US Catholic school embroiled in dispute over Church teaching

US Catholic school embroiled in dispute over Church teaching

Kirsten Andersen

Controversy erupted at an American Catholic school after students and parents reacted with outrage to Church teaching on sexuality as presented at a school assembly.

Father Francis "Rocky" Hoffman spoke to students at The Prout School in Wakefield, Rhode Island, on 4 April. During the course of his talk, he apparently made comments critical of homosexuality and divorce that some students found offensive.

The Diocese of Providence's spokesman on the issue appeared to agree with Hoffman's critics.

But Catholic observers suggest the controversy is part of a growing tendency to uproar against Catholics for simply professing Church teaching on marriage and homosexuality.

Administrators at Prout issued written and verbal apologies to parents and students alike after a number of parents expressed anger about the content of Fr Hoffman's presentation, and that they weren't notified in advance. Many openly called for Principal David Carradini's ouster.

"Conservative message"

In a lengthy discussion on the school's Facebook page, parents and alumni alike said Principal Carradini and Fr Hoffman should have known better than to bring such a "conservative message" to Rhode Island, which, despite boasting the highest percentage of Catholics in the country is one of the most socially liberal having recently legalised same-sex "marriage".

"The Prout School family is reeling from the comments made by Father Francis Hoffman of Opus Dei who was invited to speak with the student body by Principal David Carradini," wrote Mary Beth Hanley.

"Fr Hoffman used this forum to belittle gays, tell children of adoption and divorce; that their parents really do not love them and other abominations which are not part of Church teachings, or the teachings of Jesus Christ.

"Thus far, Principal Carradini does not feel he needs to resign due to gross lack of leadership and inability to protect the students entrusted to his care from Fr Hoffman. He is wrong. He did irreparable harm to our Prout family. He must go."

Father Hoffman responded with the following statement:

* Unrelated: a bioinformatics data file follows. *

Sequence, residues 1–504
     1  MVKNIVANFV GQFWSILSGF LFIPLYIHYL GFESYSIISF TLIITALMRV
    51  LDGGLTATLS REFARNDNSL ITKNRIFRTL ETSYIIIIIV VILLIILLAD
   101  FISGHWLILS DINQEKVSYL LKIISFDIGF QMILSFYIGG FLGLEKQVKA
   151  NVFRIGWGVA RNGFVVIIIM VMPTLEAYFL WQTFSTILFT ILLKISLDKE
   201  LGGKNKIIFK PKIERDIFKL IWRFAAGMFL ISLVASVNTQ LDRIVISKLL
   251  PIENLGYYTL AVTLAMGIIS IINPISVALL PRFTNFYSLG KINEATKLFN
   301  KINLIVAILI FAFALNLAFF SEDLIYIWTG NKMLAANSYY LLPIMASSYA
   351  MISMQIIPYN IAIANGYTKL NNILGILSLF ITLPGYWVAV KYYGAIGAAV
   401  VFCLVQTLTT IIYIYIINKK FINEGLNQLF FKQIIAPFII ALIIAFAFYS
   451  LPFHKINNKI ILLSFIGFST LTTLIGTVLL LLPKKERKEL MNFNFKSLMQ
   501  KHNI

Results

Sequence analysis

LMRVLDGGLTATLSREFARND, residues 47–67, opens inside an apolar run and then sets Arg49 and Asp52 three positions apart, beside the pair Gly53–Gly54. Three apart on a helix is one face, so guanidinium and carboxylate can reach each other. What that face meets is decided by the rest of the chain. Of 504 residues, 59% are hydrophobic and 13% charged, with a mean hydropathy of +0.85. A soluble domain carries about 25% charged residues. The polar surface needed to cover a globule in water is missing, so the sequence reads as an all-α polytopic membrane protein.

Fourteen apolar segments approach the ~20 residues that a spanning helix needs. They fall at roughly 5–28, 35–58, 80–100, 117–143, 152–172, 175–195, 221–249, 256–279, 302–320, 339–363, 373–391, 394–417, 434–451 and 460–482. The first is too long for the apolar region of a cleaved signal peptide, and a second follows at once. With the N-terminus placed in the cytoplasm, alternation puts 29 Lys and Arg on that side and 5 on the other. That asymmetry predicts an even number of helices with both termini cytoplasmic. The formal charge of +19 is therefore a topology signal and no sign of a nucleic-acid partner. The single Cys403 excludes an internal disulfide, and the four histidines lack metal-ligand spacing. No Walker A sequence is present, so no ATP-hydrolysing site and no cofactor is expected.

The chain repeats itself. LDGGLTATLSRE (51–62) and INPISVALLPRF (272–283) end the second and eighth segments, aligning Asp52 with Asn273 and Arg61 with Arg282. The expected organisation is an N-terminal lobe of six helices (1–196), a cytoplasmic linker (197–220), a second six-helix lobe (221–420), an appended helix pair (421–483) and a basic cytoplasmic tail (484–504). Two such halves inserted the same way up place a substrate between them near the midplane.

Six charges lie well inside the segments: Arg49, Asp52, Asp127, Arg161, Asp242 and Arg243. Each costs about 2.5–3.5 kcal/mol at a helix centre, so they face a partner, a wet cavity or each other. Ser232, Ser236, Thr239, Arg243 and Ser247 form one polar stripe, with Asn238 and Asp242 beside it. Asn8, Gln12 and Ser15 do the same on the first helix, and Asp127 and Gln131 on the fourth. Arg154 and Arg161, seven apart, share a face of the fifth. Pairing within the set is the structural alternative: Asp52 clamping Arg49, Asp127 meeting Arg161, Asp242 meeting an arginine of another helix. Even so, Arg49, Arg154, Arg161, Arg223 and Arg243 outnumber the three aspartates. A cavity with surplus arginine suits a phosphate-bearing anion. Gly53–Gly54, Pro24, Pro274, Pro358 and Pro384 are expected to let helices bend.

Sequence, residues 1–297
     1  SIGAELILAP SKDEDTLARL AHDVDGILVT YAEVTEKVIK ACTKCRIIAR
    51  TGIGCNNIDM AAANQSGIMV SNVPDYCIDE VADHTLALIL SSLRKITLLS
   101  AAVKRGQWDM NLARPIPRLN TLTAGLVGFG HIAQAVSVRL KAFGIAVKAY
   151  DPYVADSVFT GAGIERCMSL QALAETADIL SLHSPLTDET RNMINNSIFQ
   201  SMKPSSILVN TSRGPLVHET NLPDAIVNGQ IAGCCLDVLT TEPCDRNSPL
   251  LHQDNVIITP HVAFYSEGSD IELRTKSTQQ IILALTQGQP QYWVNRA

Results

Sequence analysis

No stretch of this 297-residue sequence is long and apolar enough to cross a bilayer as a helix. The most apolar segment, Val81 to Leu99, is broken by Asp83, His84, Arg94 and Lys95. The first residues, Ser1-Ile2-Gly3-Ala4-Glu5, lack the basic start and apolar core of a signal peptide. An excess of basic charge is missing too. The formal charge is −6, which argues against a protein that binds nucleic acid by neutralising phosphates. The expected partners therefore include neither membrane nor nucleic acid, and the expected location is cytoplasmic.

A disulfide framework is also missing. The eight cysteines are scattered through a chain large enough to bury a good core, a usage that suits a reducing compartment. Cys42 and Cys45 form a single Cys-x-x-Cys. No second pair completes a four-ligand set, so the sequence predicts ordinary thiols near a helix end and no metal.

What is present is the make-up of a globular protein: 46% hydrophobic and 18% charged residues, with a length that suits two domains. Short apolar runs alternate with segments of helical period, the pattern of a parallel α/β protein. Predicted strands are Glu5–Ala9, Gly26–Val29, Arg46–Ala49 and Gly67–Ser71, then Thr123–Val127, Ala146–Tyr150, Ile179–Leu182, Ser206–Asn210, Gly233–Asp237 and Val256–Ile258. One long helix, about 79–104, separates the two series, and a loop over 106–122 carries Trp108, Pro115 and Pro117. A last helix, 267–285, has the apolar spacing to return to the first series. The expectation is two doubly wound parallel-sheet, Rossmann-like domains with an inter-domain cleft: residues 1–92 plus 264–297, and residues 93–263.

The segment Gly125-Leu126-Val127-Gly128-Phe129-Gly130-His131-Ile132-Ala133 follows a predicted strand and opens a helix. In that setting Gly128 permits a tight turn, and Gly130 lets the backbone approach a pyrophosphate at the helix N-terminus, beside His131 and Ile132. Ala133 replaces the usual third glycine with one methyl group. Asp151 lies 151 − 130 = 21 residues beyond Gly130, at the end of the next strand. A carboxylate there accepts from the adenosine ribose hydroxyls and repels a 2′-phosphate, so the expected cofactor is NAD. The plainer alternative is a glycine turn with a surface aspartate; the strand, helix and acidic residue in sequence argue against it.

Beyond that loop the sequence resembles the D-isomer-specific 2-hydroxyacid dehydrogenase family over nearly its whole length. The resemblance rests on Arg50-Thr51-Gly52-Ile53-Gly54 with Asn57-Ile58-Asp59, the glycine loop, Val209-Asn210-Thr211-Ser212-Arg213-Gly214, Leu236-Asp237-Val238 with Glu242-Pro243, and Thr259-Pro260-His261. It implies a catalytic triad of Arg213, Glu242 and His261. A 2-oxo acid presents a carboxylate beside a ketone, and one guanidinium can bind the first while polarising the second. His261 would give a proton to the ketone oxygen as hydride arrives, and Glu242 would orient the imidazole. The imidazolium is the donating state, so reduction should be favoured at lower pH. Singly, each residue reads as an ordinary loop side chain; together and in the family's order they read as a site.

"I am a priest in good standing in the Catholic Church, and I only teach what the Church teaches in matters of faith and morals. That is a matter of established public record.

"As for the pastoral approach to complex and sensitive questions, each situation has to be taken case by case. The advice given to one set of persons may not be as helpful to others.

"All priests know this from experience, and hopefully always learn to improve. The priest, as a representative of Christ, always wants to leave people with hope in their hearts."

Some Catholic observers have noted that many Catholics steeped in secular culture - particularly the young - have become increasingly intolerant of anything they see as "intolerance" to lifestyles their church considers sinful.

"Once again we have an example of the Magisterium of Sophomores," wrote Fr John Zuhlsdorf of the What Does the Prayer Really Say? blog.

"Is this it now? Is this how it is to be? Do we now have an inquisition made up of High School students and soccer moms?" Fr Zuhlsdorf called the situation at Prout a "train wreck".

"What did Fr Hoffman say that was so horrible? Could he have been harsher than the Bible?" he asked, quoting Leviticus 20:13: "If a man lies with a male as with a woman, both of them have committed an abomination."

"Could his talk have been more challenging than Matthew 5:32: "But I say to you that every one who divorces his wife, except on the ground of unchastity, makes her an adulteress and whoever marries a divorced woman commits adultery'?"

In a separate post, Fr Zuhlsdorf remarked, "If you speak in public now with any clarity about the Church's teachings on sexuality, marriage, etc, or avert to conclusions which rational people reach about the same derived from the Natural Law, you will be met with fury."

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